Immigration minister Marc Miller announced on December 7 that the amount needed in bank accounts for international students wishing to study in the country would rise from $10,000 CAD to $20,635 CAD.
Universities Canada acknowledged the financial requirements for a study permit up to this point “have not accurately reflected the cost of living in some areas of Canada”.
“The $10,000 financial minimum was established in the early 2000s and should be adjusted to reflect today’s cost of living,” the organisation’s spokesperson said.
However, the organisation made the point that cost of living differs across the country, and suggested that “this needs to be considered when evaluating the finances required to live in different regions”.
“Canada’s universities always endeavour to provide accurate and transparent information to prospective international students on the cost of studying and living in their communities,” the spokesperson said.
Colleges and Institutes Canada agreed that it is reasonable to adjust the proof-of-funds requirement in line with rising living costs, but said the change is likely to impact student demand.
“The current threshold was often insufficient in many cases,” a spokesperson said.
“We emphasise the importance of IRCC working with provinces and institutions to make it still possible for deserving students with more modest means to demonstrate sufficient funds.”
Other issues surrounding the fund hike have also been pointed out.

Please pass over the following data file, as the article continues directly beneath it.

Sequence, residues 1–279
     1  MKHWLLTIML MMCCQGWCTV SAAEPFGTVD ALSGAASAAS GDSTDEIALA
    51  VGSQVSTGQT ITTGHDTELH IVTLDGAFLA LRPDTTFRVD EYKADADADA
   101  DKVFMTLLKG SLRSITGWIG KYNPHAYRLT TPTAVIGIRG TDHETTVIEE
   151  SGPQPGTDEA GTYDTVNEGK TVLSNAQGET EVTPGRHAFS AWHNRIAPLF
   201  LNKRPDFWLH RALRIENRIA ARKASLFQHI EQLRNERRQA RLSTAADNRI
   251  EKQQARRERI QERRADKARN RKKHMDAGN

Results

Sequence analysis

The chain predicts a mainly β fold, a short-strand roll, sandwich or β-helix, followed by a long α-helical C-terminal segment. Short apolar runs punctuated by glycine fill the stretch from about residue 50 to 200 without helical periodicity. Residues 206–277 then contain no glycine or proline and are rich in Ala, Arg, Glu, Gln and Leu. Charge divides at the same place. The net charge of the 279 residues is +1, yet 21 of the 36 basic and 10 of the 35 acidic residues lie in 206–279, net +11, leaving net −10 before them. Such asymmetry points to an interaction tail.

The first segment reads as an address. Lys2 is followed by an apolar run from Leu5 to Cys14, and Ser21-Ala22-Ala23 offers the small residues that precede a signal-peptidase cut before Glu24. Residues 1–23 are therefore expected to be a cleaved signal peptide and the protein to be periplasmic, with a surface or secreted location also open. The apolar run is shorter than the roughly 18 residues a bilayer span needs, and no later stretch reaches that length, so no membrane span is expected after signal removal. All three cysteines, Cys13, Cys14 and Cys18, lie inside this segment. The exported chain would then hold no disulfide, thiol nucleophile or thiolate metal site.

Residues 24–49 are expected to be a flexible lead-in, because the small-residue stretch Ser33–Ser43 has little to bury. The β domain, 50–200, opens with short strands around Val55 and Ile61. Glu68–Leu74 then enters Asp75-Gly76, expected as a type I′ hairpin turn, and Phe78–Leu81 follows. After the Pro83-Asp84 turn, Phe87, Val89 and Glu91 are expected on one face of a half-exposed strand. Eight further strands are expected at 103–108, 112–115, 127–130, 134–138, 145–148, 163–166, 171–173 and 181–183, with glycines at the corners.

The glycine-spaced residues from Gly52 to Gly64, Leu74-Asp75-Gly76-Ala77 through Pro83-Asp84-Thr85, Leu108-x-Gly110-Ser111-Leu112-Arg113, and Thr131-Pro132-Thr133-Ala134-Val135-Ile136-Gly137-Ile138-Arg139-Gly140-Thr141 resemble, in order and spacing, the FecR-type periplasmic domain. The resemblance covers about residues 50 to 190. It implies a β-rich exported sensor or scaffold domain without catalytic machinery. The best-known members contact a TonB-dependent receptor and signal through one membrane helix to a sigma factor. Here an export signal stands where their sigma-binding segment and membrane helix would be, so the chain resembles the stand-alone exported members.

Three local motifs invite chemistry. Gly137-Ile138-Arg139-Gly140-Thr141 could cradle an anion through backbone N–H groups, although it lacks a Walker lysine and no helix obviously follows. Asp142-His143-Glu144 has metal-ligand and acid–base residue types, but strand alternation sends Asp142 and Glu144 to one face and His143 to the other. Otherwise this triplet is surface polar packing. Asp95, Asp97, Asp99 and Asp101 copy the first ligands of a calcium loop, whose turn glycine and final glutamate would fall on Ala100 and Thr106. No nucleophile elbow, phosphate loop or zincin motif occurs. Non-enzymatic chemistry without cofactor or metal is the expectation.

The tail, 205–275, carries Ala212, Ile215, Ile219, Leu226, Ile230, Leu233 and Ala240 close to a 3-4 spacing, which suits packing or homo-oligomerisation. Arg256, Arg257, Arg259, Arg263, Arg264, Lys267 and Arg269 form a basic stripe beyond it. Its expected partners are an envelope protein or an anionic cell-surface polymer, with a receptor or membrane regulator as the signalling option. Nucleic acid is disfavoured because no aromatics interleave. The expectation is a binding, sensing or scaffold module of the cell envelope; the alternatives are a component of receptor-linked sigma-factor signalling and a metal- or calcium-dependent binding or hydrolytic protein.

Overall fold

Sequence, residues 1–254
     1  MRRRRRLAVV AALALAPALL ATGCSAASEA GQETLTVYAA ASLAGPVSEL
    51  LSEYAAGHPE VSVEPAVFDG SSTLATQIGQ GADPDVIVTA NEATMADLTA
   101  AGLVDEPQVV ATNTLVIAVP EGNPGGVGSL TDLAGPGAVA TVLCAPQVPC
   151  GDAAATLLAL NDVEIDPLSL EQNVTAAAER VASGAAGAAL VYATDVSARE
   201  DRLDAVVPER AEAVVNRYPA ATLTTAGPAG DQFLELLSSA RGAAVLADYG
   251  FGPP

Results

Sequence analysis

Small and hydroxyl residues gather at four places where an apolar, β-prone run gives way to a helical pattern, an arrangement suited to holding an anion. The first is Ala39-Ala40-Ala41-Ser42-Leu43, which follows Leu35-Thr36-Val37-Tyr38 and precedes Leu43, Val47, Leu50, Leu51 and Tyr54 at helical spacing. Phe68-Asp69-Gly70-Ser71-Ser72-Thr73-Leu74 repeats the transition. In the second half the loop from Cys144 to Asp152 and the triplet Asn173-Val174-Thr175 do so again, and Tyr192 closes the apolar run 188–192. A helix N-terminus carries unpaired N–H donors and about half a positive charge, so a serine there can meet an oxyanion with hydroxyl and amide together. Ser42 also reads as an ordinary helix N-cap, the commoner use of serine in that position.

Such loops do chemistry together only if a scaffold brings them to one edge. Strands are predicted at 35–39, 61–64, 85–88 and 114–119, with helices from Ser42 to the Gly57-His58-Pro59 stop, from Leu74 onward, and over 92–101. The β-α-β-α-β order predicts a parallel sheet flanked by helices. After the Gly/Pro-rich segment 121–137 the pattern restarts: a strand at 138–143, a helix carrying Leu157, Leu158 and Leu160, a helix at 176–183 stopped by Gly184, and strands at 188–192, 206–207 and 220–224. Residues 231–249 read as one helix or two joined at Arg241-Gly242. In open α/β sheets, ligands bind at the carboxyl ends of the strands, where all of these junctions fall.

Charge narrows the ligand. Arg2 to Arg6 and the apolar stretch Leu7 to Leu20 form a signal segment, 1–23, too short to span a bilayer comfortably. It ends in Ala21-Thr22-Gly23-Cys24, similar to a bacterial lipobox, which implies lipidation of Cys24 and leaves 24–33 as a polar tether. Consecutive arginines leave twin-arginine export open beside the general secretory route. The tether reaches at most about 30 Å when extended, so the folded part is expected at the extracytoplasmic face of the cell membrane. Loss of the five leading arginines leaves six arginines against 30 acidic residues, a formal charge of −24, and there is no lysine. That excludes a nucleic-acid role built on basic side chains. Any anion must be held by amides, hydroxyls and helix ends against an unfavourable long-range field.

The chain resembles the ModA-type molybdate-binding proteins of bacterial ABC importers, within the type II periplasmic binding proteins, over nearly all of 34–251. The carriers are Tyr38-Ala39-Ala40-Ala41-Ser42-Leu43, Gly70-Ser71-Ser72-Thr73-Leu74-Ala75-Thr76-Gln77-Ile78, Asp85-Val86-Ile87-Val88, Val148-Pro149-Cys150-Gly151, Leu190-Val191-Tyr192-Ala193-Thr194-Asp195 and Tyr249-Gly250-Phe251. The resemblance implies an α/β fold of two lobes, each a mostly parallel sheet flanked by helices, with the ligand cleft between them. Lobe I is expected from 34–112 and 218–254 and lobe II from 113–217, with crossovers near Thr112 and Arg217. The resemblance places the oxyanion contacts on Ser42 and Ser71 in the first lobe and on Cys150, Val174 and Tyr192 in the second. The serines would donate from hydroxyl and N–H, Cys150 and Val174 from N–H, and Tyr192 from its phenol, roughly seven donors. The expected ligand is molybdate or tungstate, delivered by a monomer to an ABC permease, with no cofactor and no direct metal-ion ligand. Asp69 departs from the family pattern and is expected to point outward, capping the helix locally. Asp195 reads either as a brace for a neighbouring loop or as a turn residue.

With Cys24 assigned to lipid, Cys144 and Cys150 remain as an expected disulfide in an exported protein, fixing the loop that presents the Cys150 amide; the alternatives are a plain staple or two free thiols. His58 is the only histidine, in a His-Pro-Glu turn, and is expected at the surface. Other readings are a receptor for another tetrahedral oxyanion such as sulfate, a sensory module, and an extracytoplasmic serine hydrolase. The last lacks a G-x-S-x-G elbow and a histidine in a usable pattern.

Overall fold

Migrant Students United, which represents international students in Canada, said the move would “exclude prospecting working class students worldwide”.
“They will now be scrambling in the next three weeks to find an extra $10,000 dollars,” said national organiser, Sarom Rho.
The founder of Heron Law Offices – an immigration law firm in Vancouver – Wei William, made the point that exchange rates would play a big part in the inclusiveness of international student ability to pay.
“I can’t help but think of how with global currencies the way they are, how much this might alter the ability of applicants from the Global South to attend Canadian universities and colleges – [with] less [international] students likely [having] less funds for international student scholarships,” William commented.
Alex Usher, chief at Higher Education Strategy Associates, told The PIE News he wasn’t sure the move would “change anything”.
He cited The PIE’s reports on agents who deposit money in students’ accounts to make it look like they have the money to study in Canada before taking it out again.
Consultant Don Whitford, commenting on LinkedIn, also made a similar point – and said it also happens in his homeland of Australia.
“Great move but….Students do not need to arrive in Canada or Australia with any money ‘actually in the bank accounts’, they just need to “show it” to get the Visas.
“One day this will have to change, otherwise some students will continue to be exploited and struggle when job opportunities reduce,” Whitford noted.
“Students do not need to arrive in Canada or Australia with any money ‘actually in the bank accounts'”
Another part of the package of announcements made by Miller was the extension of the uncapped work rights policy – which will now instead end on April 30 2024. According to Rho, the extension simply isn’t enough, as she joined others in calling for further allowances.
“Federal immigration policy is a roller coaster, the 20-hour work permit rule was removed after migrant student workers spoke up but just for four months.
“We don’t need monthly improvisations and chaotic twists that let exploitation and abuse continue; we will continue to speak up for stable, fair rules and permanent residency for all,” Rho added.